School is supposed to be a place where children learn, grow, and thrive, but that isn’t always the case. For kids with ADHD and learning disabilities (LD), certain school environments may not be a good fit, and could even disrupt the educational experience. So when is it time to consider a new school? Are there ways to work with your child’s current school to transform it into a better learning environment?
News related to: school
Early elementary students with symptoms of depression are much more likely to be at risk for academic deficits, according to new research. Read more ›
A new study finds that when students experience an academic setback such as a bad grade, the amount of cortisol—the so-called stress hormone—in their bodies typically spikes. For most students it drops back down to normal levels a day later, but for some it stays high. These students remain fixated on the setback and have difficulty moving forward. Read more ›
Teachers have long been told to praise students’ effort, rather than simply saying they are “smart,” as a way to encourage students to think of their intelligence as something that can grow over time. A new review of research in the journal Child Development suggests just praising the effort of middle and high school students to boost their “growth mindset” can have the opposite effect, with those adolescents praised becoming less likely to believe their work can improve their intelligence or skills. Read more ›
Harold S. Koplewicz, MD, Editor-in-Chief of the Journal of Child and Adolescent Psychopharmacology and President of the Child Mind Institute has spoken out on the Parkland shooting and the urgent need to make mental health a priority for research and action. Read more ›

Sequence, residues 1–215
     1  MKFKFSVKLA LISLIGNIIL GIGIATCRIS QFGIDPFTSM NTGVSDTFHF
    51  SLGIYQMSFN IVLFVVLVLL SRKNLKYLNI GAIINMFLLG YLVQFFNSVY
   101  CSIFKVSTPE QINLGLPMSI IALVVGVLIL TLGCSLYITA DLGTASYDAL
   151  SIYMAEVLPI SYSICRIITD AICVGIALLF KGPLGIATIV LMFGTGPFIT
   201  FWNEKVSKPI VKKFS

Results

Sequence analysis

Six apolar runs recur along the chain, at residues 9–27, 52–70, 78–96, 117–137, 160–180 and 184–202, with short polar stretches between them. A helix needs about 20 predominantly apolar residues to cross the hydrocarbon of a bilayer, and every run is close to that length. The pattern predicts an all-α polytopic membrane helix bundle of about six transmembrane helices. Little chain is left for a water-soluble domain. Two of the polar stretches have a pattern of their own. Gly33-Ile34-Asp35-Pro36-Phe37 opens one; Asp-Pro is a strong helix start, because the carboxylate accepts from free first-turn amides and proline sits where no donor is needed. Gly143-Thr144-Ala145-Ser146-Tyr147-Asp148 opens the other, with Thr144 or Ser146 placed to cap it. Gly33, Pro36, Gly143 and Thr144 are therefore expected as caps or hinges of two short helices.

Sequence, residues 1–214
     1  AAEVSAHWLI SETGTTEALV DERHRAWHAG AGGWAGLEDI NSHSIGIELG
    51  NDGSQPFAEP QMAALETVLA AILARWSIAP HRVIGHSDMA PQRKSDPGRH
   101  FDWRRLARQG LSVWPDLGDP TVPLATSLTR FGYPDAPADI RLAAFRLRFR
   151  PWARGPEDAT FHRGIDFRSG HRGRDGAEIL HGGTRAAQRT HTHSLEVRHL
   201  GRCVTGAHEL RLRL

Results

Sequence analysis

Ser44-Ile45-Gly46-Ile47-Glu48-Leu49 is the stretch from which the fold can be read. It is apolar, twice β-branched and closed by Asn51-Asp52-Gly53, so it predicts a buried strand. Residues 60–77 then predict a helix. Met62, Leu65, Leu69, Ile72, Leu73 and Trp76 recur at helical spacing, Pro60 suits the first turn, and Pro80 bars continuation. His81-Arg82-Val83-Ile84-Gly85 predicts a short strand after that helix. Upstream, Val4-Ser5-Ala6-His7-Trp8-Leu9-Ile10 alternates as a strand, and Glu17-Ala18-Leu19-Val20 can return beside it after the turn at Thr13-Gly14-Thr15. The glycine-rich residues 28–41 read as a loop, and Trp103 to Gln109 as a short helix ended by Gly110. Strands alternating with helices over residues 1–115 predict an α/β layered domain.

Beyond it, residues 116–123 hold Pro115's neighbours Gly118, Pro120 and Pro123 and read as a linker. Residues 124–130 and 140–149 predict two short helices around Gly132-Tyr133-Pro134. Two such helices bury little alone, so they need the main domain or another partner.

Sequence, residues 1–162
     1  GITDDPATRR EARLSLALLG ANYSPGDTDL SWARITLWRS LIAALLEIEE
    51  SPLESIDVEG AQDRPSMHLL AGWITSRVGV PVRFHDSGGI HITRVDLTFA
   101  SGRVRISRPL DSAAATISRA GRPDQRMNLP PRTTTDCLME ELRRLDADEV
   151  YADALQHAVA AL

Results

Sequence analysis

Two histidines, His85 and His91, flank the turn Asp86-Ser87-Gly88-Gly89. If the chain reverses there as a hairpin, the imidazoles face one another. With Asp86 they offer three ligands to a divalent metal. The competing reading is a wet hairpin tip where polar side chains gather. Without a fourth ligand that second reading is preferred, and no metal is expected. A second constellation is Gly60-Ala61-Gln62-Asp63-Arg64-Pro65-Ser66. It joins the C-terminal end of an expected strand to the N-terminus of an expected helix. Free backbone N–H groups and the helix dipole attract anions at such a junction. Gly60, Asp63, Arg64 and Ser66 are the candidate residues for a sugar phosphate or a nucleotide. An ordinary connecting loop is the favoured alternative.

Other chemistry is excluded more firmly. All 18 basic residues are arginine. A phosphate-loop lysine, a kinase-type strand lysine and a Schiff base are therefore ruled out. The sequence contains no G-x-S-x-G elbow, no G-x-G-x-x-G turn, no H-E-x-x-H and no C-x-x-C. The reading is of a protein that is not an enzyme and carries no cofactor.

As the cost of housing continues to soar in California and elsewhere, an increasing number of young people have become homeless, according to the Pew Charitable Trusts. Among those homeless, one group has it especially tough: Young people who identify as lesbian, gay, bisexual or transgender. Read more ›
Early test scores do not predict future academic growth, according to new research from Stanford.
The research was performed by Sean Reardon, a professor who studies poverty and inequality in education at the university, and based upon analysis of test scores of students in grades 3-8 at 11,000 districts across the country. Read more ›
Across all grade levels, the majority of students feel engaged, according to data released today by the San Francisco-based nonprofit YouthTruth Student Survey.
The findings come from a recent analysis of student perception survey data from over 230,000 students across 36 states gathered between November 2012 and June 2017. The analysis found slight differences in students’ experiences of engagement across grade levels, with elementary students slightly more likely to be engaged than secondary students. Read more ›